Monthly Archives: March 2012

Museums, Education, and Programming: Issues and Problems

By Brandon Mason

One of the primary goals of every museum should be to educate the public through their collections. The way in which a museum educates the public is multifaceted. The interactions between collection and visitor can be as varied as the objects within the collection. Depending on the age group of the target audience, a museum collection can be utilized in a variety of ways in order to deliver an educational lesson.

Children's Museum in Tucson, AZ

In Cornelia Brüninghaus-Knube’s article, “Museum Education in the Context of Museum Functions,” she discusses several ways in which museums’ collections interact with the public for educational purposes. One of the ways Brüninghaus-Knube states that collections interact is through exhibit labels and captions on individual items. Technology has also become an important element of museum education. Visitors often learn through audio, visual, and computer media presented in the museum.

Another way in which the collections interact is through tour guides and educational speech. Brüninghaus-Knube also mentions activity workshops, field exercises, and tactile displays and aids which allow visitors controlled hands-on experience with cultural items in collections.

In addition to the several methods already mentioned, Brüninghaus-Knube points out that although the interaction is intended to be educational, it also provides an entertainment value to the visitors. Games, role-playing theater, and demonstrations provide entertainment and educational opportunities.  The many ways, in which museums use their collections in order to educate the public, illustrates the importance placed on education by museum management.[1]

According to Nina Simon, museum visitation has dropped due to availability of information to the public via the internet and social networks.[2] Without having read Simon’s book, I assumed the decrease in museum visitation was due to increased access to information via the internet, social networks, and television programming. With so much history and culture available at one’s fingertips, why leave the house to learn about the Sam Davis home?

Old Museum Display: La Porte County Historical Society & Museum in La Porte, IN -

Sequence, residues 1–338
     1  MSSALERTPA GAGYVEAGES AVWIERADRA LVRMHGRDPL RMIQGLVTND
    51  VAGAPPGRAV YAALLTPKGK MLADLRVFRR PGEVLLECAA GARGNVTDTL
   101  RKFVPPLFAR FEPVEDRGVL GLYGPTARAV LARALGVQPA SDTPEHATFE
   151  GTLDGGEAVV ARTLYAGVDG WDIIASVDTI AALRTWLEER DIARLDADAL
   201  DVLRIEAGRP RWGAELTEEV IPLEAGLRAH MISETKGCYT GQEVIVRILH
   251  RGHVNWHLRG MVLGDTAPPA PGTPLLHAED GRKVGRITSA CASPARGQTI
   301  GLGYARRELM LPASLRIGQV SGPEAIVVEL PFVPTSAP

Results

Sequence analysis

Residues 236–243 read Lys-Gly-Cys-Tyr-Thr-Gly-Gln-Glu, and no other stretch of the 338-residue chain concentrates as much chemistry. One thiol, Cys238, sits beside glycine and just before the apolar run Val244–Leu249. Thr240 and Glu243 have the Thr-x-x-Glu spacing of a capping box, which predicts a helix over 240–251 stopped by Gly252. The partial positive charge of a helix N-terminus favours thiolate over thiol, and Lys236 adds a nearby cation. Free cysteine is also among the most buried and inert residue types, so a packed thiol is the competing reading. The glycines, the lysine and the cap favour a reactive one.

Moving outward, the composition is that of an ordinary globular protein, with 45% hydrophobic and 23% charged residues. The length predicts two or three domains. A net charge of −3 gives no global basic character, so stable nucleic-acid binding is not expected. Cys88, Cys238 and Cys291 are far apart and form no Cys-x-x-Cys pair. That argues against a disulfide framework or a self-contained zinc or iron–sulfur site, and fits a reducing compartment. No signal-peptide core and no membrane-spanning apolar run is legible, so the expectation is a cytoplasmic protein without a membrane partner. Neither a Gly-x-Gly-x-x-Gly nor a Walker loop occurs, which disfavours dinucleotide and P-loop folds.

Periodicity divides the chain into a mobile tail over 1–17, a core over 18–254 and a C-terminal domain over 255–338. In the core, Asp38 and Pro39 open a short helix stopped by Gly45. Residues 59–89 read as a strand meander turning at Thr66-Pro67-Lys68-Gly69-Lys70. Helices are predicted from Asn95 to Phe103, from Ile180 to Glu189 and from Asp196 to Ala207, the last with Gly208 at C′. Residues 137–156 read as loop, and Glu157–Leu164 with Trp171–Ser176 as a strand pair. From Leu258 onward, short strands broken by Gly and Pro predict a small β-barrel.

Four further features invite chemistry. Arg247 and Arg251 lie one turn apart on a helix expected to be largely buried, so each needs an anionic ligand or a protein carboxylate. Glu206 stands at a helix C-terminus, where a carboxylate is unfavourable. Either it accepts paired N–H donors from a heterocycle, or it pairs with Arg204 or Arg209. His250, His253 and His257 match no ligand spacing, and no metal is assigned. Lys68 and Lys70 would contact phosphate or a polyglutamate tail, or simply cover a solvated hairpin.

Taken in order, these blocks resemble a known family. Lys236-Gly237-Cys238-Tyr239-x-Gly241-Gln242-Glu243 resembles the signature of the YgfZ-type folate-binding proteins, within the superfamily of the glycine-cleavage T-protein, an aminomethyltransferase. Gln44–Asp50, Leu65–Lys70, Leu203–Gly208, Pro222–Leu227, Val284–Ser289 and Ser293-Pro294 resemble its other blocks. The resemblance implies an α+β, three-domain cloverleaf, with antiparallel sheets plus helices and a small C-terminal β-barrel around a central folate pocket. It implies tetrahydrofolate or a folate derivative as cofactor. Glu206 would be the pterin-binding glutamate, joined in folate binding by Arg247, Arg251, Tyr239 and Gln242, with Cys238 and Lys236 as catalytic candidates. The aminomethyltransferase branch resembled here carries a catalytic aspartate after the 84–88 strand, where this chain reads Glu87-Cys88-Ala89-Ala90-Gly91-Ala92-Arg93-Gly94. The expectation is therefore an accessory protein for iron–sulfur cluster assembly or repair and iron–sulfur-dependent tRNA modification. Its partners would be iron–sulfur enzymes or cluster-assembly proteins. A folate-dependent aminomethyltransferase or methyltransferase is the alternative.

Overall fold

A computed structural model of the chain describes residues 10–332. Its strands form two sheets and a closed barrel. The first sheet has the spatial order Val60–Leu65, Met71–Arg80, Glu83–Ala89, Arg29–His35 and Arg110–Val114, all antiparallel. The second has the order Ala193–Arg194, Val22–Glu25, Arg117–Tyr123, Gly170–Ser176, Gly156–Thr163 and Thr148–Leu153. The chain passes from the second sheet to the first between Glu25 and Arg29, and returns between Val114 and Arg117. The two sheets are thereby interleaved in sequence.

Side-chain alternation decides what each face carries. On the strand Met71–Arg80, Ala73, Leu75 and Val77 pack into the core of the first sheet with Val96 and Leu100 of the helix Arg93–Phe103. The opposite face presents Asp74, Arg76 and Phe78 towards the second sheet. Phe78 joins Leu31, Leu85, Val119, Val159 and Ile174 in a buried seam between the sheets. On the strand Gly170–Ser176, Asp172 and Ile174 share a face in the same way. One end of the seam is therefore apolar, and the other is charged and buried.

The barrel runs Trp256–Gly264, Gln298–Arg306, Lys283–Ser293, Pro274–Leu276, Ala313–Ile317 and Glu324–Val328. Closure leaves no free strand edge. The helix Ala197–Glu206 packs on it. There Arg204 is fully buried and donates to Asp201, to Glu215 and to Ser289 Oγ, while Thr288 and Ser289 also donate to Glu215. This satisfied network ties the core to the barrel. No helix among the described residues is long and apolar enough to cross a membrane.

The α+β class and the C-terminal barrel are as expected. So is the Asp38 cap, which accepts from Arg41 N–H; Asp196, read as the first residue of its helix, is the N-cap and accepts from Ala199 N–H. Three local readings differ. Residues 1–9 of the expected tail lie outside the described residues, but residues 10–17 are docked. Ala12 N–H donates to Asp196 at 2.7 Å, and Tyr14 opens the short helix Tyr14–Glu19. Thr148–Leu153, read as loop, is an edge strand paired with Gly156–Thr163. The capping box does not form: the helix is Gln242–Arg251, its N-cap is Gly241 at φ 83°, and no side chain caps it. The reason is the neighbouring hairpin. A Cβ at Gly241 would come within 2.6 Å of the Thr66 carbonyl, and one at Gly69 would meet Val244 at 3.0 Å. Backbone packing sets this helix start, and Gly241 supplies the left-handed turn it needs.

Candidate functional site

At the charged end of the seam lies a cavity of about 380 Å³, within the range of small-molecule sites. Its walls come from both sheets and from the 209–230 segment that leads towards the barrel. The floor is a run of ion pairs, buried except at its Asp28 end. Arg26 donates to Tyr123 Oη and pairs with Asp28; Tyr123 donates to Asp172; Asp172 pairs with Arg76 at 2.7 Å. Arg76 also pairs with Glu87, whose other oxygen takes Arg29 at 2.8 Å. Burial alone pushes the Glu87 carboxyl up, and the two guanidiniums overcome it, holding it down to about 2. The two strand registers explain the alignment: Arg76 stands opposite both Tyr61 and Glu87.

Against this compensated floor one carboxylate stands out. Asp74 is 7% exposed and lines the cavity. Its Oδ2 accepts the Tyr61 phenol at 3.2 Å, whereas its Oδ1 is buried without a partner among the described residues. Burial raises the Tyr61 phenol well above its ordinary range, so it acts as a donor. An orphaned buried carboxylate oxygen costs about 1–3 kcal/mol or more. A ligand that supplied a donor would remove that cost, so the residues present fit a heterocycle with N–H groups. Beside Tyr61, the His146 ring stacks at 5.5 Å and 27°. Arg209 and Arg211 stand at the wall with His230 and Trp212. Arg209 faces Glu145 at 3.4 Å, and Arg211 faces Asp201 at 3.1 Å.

I believe that many people have the idea that museums are just dusty old displays cases filled with an artifact and a note card telling what it is. While, sadly some museums are exactly what I just described, many are beginning to give the public reasons to visit. I believe that the only way to get a larger audience into museums in 2012 is through interactive and entertaining methods.

Museums have to offer a cultural learning experience that is not offered through watching television or surfing the internet. Simon’s solution to the museum visitation problem is to develop museums into participatory cultural institutions. She defines a participatory institution as a place where visitors can create, share, and connect with each other around content.[3]

Simon states that the first thing museums have to do in order to combat the current trend is by becoming more comfortable, accessible, and convenient to the public.[4]With that said, museums and libraries must adapt to fit the needs of today’s visitors by allowing the public to engage with the content and collections in ways that create new dialogue.

In a sense, participatory simply means to establish an environment in which visitors are actively involved with the content of the institution in their own way. Without making these necessary changes, museums will continue to be in danger of becoming useless to the general public. By producing a more comfortable and inviting environment in which the public can readily access and learn, museums and libraries will be able to effectively compete with corporate entities. If museums refuse to change, the public will simply seek more convenient outlets for knowledge and culture.